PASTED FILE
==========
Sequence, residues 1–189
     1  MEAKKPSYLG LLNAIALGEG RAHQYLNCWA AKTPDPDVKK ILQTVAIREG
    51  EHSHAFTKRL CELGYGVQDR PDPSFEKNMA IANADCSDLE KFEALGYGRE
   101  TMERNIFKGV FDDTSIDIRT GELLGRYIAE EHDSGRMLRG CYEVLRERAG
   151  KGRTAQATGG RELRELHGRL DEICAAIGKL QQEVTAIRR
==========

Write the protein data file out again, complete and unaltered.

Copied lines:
Sequence, residues 1–189
     1  MEAKKPSYLG LLNAIALGEG RAHQYLNCWA AKTPDPDVKK ILQTVAIREG
    51  EHSHAFTKRL CELGYGVQDR PDPSFEKNMA IANADCSDLE KFEALGYGRE
   101  TMERNIFKGV FDDTSIDIRT GELLGRYIAE EHDSGRMLRG CYEVLRERAG
   151  KGRTAQATGG RELRELHGRL DEICAAIGKL QQEVTAIRR